> texts because there was an "overreliance" on authority.  Serious dissent
> was not tolerated for religious texts, and even for other literature, who
> dared question Aristotle?

Actually, they were still burning people for reading Aristotle in
1215. It was only later in the 13th century that the Aristotelian
corpus became dominant in the western university. (What a difference a
few decades makes: at the beginning of the century they were roasting
people for quoting _De anima_. By the end of the century, they were
giving them endowed chairs for doing so.) But my point is that pretty
good neurobiological evidence is around that if you *do* spend a lot
of time memorizing texts -- no matter what culture you are in -- that
your adhesion to the concept of 'authority' in general will be
intensified. And that, of course, is what we find in every manuscript
culture known. It is only after printing becomes common that that
attitude changes -- after memorization of texts becomes less common. I
wrote a little on this in _Syncretism in the West_, e.g., p. 135, and
discuss it at length in a new book I'm writing on neurobiology and the
evolution of premodern cultures.

> But more along your line of thought: maybe they spent so much time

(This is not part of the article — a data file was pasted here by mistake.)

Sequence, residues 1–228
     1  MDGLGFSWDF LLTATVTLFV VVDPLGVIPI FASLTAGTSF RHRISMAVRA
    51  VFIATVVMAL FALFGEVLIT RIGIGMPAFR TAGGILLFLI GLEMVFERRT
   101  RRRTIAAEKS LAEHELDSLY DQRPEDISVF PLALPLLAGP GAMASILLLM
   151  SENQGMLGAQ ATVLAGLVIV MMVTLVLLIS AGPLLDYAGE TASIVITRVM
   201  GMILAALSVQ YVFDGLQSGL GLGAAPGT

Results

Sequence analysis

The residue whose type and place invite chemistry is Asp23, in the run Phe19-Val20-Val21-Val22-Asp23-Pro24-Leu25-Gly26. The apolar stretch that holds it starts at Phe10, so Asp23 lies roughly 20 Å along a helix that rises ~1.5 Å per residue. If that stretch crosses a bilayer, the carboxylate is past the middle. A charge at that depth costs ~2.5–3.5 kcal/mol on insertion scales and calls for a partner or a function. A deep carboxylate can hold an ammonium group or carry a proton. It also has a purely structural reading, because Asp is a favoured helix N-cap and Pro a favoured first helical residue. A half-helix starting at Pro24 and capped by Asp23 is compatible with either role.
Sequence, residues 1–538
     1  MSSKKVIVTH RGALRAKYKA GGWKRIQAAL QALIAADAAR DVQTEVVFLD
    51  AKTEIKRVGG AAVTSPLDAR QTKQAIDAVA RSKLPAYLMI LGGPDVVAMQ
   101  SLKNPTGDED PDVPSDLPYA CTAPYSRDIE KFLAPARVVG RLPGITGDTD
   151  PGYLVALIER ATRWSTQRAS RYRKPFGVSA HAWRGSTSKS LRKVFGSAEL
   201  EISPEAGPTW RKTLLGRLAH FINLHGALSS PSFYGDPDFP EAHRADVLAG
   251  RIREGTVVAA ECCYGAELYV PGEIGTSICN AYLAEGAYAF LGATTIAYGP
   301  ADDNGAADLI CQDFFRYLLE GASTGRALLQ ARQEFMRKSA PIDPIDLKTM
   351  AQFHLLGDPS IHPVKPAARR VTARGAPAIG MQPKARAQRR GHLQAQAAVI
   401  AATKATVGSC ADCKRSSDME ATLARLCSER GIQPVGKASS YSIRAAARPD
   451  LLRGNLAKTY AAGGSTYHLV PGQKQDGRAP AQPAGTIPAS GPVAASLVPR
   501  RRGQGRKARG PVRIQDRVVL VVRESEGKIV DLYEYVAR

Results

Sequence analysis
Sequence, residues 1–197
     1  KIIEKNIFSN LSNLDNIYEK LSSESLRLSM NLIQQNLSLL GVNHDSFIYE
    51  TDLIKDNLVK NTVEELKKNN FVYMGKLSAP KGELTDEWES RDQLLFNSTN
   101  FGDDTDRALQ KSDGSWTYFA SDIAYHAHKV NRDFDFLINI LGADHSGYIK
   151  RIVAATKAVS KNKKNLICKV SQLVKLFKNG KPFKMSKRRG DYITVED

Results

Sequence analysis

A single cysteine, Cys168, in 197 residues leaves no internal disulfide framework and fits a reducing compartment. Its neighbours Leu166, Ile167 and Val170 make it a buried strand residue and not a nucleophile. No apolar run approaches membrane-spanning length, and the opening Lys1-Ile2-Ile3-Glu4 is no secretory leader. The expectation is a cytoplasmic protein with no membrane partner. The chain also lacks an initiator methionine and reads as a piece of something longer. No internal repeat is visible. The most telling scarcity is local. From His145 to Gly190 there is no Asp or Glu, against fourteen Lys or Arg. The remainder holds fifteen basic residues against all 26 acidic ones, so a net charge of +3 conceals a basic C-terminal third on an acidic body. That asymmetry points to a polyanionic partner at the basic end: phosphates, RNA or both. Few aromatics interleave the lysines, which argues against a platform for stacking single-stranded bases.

> memorizing texts because written texts, although they did exist, were nor
> so widely available, or/and because if they wanted to find a particular
> quote it was easier to go over the text/chaper in their heads.  Things are
> different when you have concordances and indexes at the back of books (or
> when you can do a word search in a word processor).
You are of course partially right here. But premodern traditions often
assumed forms that *did* make it easy to look things up in --
especially in scholastic periods -- and indices existed as well.
(Think of the granddaddy of all indices, the Anukramani.) Similar
things existed in the West -- e.g., in the tens of thousands of
commentaries written from the mid 12th through mid 16th centuries on
Peter Lombard's _Sentences_ (the main theological textbook in medieval
Christianity). Do you want to quickly find out what *any* random
medieval theologian thought about whether or not angels exist in
space? Go to that theologian's comments on _Sentences_ bk. 1,
distinction 37, and you can find out immediately -- no word-processor
"find" function necessary!

I'm learning a lot from you Indologists: thanks for indulging me.
Unfortunately, deadlines are slipping....

Steve Farmer